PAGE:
My sight remained tinged for a few minutes but soon my senses began to dull. The heightened state of conciousness, however, did not leave me.
It was days before I could remember why I had gone into the cryochamber. Peices of the complex puzzle of life formed in my mind and slowly conected. The yound boy who would one day become Adolf Hitler. My mother who carried me a few years to early so that I would have to serve in one of the biggest blood bathes known to man. The mother of a future German soldier who would throw a hand grenade near me in such a precise location that only a few shards hit my frontal lobe leaving me wounded but not dead. The years of trying to find expieremental surgeries to remove the shards and finally my retreat to the cryochamber.
If even one of those peices had been altered slightly, it would have changed my future and subsiquently made a blemish in the overall history of mankind.
I was under constant surveilance, as if I were in the Soviet Union and not the United States of America, in the facility.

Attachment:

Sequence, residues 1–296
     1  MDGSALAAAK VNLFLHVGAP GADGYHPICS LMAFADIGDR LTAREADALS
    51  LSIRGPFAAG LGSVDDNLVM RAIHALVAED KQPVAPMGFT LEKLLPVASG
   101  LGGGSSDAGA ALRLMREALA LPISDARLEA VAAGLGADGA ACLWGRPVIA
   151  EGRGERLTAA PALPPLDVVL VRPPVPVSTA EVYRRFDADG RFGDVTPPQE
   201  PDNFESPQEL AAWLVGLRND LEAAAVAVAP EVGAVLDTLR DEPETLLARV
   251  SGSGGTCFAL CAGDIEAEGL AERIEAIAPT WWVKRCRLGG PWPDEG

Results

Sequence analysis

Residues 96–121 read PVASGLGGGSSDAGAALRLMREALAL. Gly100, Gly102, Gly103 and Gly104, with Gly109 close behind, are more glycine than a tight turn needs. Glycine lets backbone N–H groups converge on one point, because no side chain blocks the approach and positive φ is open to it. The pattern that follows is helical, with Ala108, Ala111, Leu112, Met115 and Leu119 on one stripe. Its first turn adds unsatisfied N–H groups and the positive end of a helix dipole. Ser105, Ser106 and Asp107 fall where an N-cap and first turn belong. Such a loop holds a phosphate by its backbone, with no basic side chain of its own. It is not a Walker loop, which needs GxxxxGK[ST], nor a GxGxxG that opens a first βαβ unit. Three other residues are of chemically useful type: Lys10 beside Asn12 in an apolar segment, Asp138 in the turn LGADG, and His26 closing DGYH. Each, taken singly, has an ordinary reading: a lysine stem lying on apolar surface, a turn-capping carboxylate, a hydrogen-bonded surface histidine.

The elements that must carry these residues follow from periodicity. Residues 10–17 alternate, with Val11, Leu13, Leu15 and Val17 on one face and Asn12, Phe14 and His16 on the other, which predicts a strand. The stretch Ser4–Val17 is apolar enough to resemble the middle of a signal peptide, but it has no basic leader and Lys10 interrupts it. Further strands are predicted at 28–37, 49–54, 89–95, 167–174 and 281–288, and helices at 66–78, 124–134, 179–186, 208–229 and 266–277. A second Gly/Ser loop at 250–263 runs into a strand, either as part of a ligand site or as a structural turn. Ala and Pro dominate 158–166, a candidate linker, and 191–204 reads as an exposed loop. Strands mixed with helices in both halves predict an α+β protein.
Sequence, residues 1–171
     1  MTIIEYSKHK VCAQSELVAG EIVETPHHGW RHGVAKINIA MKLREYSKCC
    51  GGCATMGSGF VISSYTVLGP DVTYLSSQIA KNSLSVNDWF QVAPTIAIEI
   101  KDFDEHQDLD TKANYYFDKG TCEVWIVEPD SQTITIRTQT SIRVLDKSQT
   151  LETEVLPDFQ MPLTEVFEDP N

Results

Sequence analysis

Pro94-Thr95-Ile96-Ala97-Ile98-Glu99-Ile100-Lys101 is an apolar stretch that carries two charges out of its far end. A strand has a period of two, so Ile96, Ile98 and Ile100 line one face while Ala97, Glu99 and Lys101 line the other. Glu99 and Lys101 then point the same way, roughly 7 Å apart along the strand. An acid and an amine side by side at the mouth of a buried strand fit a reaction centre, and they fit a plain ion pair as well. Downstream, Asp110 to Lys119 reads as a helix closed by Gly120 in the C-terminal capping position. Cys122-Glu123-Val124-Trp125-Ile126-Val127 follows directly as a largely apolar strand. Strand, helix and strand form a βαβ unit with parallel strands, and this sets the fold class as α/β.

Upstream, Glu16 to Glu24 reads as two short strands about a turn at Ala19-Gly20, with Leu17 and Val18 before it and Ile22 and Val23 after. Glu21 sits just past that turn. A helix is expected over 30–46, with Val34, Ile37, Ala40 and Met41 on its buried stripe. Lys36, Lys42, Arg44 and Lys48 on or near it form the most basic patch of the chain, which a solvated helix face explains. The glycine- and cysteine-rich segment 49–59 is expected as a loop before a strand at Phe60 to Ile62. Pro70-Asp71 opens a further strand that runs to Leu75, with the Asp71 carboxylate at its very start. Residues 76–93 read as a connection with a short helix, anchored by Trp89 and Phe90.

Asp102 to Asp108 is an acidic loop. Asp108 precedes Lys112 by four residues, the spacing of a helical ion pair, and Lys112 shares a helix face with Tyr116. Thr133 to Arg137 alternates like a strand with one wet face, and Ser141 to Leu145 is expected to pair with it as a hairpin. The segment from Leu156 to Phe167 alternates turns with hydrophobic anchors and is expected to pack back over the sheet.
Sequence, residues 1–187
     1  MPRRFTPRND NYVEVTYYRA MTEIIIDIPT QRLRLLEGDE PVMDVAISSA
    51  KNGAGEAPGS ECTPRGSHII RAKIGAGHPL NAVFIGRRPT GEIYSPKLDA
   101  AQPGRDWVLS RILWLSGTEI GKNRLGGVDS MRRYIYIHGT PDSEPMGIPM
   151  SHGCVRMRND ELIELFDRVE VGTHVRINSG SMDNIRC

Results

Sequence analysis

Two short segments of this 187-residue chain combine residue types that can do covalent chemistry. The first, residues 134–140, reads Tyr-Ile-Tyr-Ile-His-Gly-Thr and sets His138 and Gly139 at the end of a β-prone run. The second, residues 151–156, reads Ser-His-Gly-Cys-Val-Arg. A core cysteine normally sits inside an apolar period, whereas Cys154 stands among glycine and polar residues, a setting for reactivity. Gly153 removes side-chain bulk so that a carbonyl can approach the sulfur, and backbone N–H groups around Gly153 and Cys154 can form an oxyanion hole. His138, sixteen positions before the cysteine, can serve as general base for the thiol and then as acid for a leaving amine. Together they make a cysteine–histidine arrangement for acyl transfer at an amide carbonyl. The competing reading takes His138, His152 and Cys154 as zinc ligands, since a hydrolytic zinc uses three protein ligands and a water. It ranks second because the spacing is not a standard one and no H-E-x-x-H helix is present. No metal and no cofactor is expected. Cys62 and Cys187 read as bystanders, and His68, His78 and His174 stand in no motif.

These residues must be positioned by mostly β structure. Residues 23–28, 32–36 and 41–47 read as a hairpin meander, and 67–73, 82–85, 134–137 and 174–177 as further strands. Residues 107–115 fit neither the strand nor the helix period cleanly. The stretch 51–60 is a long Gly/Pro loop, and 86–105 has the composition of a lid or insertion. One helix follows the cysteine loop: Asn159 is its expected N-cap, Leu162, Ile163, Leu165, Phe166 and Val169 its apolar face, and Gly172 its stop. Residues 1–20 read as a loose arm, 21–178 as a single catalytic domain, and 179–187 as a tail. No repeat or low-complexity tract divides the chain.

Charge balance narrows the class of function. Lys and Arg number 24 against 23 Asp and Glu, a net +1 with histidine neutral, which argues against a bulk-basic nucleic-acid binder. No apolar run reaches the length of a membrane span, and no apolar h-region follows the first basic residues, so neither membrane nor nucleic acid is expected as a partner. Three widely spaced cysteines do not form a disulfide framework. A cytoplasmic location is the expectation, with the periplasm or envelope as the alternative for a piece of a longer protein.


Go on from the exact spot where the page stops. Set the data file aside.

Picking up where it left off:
I was given a small room, which resembled a hotel with plad curtains and a TV. The TV I was given was like I remmebered: small, boxy and black and white. They told me a lot had changed but if the TV were a symbol for how much things have changed then not much seemed to have shifted. This beleif was soon destroyed as I eyed the mini fridge (that is what I was told it was called.) The shelves were decked with food that I did not recognize.
As I was inspecting my room for clues of what the future meant for me, a doctor entered my room.
“I assume that knocking is a foreign concept in 2019,” I said sarcastically to the doctor. His only response was a shameless chuckle which infuriated me.
“I do apologize for that, but I am very eager to be talking to you. There are only a handful of people who have been frozen for as long as you have and survived.”
“Please get to the point of why you are here I wish to sleep,” I said with a hint of distaste.
“Yes of course. We have given you scheduled times that you may leave with an assistant so that you may begin to familiarze yourself with the world,” the doctor said.
“If this TV is any indication of what this world has become then I will not have to familiarize myself with much,” I responded.
“Oh. That is not what televisions look like now. We have tried to decorate your room in a manner which fit your time period. Televisions are very large now.” My superiority wavered at this. Up until this point I hadn’t thought much about the advancments of human technology because I had beleived it hadn’t advanced too much.